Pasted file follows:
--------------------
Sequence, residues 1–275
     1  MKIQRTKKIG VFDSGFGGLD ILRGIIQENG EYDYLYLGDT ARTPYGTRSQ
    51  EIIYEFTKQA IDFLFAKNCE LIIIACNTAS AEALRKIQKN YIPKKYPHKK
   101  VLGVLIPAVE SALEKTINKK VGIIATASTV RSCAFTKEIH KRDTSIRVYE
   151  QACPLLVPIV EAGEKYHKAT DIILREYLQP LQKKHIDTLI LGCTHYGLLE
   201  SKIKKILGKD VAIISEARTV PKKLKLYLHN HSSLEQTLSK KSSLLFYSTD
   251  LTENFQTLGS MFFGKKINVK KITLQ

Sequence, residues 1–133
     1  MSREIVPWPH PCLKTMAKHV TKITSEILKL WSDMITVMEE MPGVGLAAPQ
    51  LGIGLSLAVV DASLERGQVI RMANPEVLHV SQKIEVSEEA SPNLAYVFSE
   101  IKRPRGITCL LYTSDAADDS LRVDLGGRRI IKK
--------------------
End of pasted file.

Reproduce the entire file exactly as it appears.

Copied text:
Sequence, residues 1–275
     1  MKIQRTKKIG VFDSGFGGLD ILRGIIQENG EYDYLYLGDT ARTPYGTRSQ
    51  EIIYEFTKQA IDFLFAKNCE LIIIACNTAS AEALRKIQKN YIPKKYPHKK
   101  VLGVLIPAVE SALEKTINKK VGIIATASTV RSCAFTKEIH KRDTSIRVYE
   151  QACPLLVPIV EAGEKYHKAT DIILREYLQP LQKKHIDTLI LGCTHYGLLE
   201  SKIKKILGKD VAIISEARTV PKKLKLYLHN HSSLEQTLSK KSSLLFYSTD
   251  LTENFQTLGS MFFGKKINVK KITLQ

Sequence, residues 1–133
     1  MSREIVPWPH PCLKTMAKHV TKITSEILKL WSDMITVMEE MPGVGLAAPQ
    51  LGIGLSLAVV DASLERGQVI RMANPEVLHV SQKIEVSEEA SPNLAYVFSE
   101  IKRPRGITCL LYTSDAADDS LRVDLGGRRI IKK